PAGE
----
Features

Published on July 11th, 2016 | by Dean Love

2

Our ratings system and review guidelines

Having written a good deal of reviews over the past few weeks, I’ve noticed that my room ratings, on a five star scale, skew a fair bit lower than many of our contemporaries.

There’s a reason for that, which I figured I’d explain now rather than wait until the first angry e-mail from a room owner who thinks their three read like a four. Essentially, I’m using the rating system taught to me by the first editor I ever had on a professional reviewing job. It  works like this:

1 Star: a really bad game, with few to no redeeming features.
2 Stars: a decent game that makes a few big mistakes, or a bad game that does few things really well, or has some really interesting concepts.
3 Stars: a good game. This is the most important one. A 3 star review is a recommendation. It either means I really enjoyed it, or I found enough interesting in it despite the flaws to be recommending it.
4 Stars: a near perfect game. This is more than a recommendation, this is saying the game is brilliant and everyone should play it. They’re games I unconditionally recommend.
5 Stars: a near perfect game that then does something more. There are, as of writing, three 5-star reviews on the site. The only reason there are that many is selection bias (if I hear a game is really good, I’m more likely to want to go play it). These three games happen to have either the best set design, best single puzzle or best technology I’ve ever seen in a game (at time of playing).

There are no half stars. If a game really does sit somewhere between the two then we round to the middle, so 1.5 is 2 stars, 2.5 is 3 stars, 3.5 is 3 stars, 4.5 is 4 stars.

So there you go. Another way to look at it is it’s essentially a 4 star scale, with 5s basically being unattainable unless you do something truly incredible.

Next, of course, I am an enthusiast. I love playing escape games. They are generally “a good experience”. And very few are actively bad to the point of being broken. Compared to what you do in the rest of your life, even if you go play a two star room, you’re probably going to have a four star experience. An Escape Review 3 is a Trip Advisor 5.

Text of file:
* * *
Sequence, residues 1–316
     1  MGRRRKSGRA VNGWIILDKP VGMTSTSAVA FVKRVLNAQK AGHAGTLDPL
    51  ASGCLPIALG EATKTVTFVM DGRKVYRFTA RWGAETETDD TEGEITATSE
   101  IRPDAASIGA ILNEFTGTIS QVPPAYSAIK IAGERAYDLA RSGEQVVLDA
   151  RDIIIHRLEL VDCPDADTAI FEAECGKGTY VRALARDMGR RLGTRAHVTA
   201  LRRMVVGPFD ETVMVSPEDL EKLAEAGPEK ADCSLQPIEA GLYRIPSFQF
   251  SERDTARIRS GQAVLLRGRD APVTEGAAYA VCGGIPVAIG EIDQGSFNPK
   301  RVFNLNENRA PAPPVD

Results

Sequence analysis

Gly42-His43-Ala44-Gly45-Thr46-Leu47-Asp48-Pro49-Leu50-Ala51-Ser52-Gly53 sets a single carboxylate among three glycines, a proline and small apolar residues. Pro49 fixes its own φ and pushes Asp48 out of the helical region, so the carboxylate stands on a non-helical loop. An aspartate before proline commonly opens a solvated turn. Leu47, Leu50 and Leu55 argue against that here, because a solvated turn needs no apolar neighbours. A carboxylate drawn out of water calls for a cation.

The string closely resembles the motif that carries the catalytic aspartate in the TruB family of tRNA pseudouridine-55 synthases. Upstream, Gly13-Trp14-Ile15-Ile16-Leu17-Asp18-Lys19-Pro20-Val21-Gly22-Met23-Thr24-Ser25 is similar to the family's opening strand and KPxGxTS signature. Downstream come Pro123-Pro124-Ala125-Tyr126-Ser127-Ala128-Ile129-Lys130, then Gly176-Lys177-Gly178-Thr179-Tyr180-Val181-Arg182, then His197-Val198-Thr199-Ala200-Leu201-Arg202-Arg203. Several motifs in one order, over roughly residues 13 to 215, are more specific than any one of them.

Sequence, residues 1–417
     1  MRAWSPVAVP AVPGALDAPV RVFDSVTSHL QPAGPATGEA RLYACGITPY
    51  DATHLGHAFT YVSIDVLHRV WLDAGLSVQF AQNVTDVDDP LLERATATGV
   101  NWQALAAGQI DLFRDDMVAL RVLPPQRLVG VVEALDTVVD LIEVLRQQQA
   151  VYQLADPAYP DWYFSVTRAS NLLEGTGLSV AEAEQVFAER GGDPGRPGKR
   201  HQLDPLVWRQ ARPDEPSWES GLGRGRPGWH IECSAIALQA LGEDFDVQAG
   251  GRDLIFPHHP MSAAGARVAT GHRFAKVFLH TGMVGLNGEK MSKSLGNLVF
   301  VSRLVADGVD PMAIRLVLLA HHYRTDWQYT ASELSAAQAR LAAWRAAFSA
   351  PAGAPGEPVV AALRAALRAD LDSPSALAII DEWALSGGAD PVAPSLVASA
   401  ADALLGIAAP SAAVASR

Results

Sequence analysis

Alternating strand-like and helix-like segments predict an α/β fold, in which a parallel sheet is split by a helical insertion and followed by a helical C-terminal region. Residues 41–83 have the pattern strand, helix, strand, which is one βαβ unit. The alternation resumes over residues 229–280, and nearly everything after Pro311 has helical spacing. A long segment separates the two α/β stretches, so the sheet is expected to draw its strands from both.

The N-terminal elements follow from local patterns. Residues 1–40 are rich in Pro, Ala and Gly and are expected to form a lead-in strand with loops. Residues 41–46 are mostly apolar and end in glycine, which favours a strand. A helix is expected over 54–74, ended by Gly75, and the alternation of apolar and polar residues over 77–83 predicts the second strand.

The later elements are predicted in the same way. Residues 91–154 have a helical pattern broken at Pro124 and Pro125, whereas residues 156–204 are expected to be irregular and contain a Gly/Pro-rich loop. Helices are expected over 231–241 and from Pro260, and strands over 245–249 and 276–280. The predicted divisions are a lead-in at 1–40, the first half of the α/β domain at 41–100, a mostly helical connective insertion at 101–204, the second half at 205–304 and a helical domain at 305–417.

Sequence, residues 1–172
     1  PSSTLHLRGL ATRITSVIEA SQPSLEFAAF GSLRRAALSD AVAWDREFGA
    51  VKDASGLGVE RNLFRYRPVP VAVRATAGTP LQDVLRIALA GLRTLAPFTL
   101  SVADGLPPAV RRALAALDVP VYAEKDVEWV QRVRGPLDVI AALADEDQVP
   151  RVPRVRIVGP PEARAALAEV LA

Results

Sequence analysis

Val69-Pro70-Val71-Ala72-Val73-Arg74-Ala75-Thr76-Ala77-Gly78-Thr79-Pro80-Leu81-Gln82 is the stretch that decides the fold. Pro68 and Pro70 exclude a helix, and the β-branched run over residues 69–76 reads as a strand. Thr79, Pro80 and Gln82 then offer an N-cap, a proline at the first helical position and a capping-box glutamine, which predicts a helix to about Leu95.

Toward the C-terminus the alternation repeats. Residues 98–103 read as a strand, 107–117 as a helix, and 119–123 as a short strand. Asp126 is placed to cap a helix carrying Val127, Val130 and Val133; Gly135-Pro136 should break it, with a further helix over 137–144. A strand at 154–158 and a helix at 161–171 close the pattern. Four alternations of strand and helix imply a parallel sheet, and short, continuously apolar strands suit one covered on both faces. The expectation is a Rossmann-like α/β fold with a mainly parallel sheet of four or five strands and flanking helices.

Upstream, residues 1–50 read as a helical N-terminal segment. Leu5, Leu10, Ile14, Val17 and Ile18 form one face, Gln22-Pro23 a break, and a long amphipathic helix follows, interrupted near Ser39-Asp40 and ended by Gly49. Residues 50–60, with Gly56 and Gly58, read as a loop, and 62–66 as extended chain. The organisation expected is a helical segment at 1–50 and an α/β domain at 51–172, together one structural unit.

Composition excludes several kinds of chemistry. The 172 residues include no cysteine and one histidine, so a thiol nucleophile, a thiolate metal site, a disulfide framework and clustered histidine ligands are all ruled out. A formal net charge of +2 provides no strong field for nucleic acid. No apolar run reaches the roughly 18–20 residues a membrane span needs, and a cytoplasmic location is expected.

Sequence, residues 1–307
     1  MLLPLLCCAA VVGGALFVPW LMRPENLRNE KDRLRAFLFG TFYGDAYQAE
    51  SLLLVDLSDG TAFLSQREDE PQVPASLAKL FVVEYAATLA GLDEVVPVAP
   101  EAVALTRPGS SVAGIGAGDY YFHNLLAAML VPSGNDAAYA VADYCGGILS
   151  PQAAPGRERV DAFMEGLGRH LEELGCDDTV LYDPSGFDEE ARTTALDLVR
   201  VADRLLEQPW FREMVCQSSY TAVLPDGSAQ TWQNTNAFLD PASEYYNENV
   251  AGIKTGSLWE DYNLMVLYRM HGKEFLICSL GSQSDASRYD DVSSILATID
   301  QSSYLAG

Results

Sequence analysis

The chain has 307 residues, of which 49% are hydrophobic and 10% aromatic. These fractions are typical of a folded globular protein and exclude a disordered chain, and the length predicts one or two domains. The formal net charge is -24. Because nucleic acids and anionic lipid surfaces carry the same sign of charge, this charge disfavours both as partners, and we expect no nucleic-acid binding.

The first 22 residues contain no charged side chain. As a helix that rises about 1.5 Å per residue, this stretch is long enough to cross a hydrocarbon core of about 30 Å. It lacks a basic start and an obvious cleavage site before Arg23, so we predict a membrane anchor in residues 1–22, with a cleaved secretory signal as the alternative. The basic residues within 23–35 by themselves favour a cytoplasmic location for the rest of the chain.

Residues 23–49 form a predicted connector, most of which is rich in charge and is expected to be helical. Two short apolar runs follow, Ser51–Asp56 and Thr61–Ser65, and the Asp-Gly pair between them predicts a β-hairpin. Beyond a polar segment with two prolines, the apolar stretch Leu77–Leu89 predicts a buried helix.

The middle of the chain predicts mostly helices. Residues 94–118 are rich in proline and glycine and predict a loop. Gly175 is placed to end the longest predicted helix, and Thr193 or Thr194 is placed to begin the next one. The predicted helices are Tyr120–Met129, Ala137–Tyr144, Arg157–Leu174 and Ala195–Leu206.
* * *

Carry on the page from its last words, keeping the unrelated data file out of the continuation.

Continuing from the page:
Also worth noting: I’m reviewing the experience I had playing the game, not what the game could be in a different set of circumstances. Bad customer service and broken props will bring the score down, even though the owner might be having a bad day or the team before smashed something in two. Equally, maybe happenstance creates a truly magical moment in the room that can’t be reproduced, it’s still accounted for in the score. I can only review the experience I have, not the theoretical one I might have (though of course, I’ll mention this in the review text). This also means that reviews are a snapshot in time. Rooms change, for the better (feedback leading to better pacing and difficulty) or worse (puzzles breaking and not being replaced). The one small exception to this, is that while I write the reviews, and they’re my opinion, that opinion will naturally be influenced by the opinion of the rest of the team in post-game discussions.

Lastly, we don’t delete comments unless they’re rude or inappropriate, so if you’re an owner and want to respond to the review, that’s the best place to do it. We won’t ever edit reviews after posting other than to correct factual inaccuracies.


About the Author

Dean is a professional writer who has worked for The Mail On Sunday, The Digital Fix, MicroMart and others.



2 Responses to Our ratings system and review guidelines

  1. I wish I’d thought this through more carefully when I first started my blog. Actually I did but not well enough! I think you’ve got a better approach, although I’d argue that you set the five star boundary a little high (at least based on your description). Compressing the “just don’t play this” into a single star category makes sense. I’m wasting some of my scale by splitting that category into “truly terrible” and “beginners might think this is OK, but don’t go here”. While they do mean something different, they’re not really useful to the reader.

    I *do* update the stars on my review occasionally. Rewriting history might be wrong, but my main focus is to guide people to the right rooms. I’ve not made any major changes, but I’ve moved the odd room up or down as I’ve compared it against the currently available games.

    • Dean says:

      I don’t even really like stars at all but know how popular they are! The five-star boundary is very high on purpose. On the site I used to work for they’d review 200+ shows in a year and give two or three the 5 stars. A couple of years there weren’t any. It’s a bit unfair as sometimes something will blow me away in a given game then I’ll see it done by someone else later on and it’s less impressive. But it’s designed to capture those things that truly innovate.

      But yeah, I have the advantage of having worked with ratings scales and lot and had many, many discussions about them. And other than the binary play/don’t play system, the 4*+1 seems to be my favourite.

      I’d considered if ratings should be revised – although I’ve said not the exception would be if I actually replayed a game and it had changed. But given most rooms will change somewhat over time, the “moment in time” approach works best for me.

Leave a Reply

Your email address will not be published. Required fields are marked *

Back to Top ↑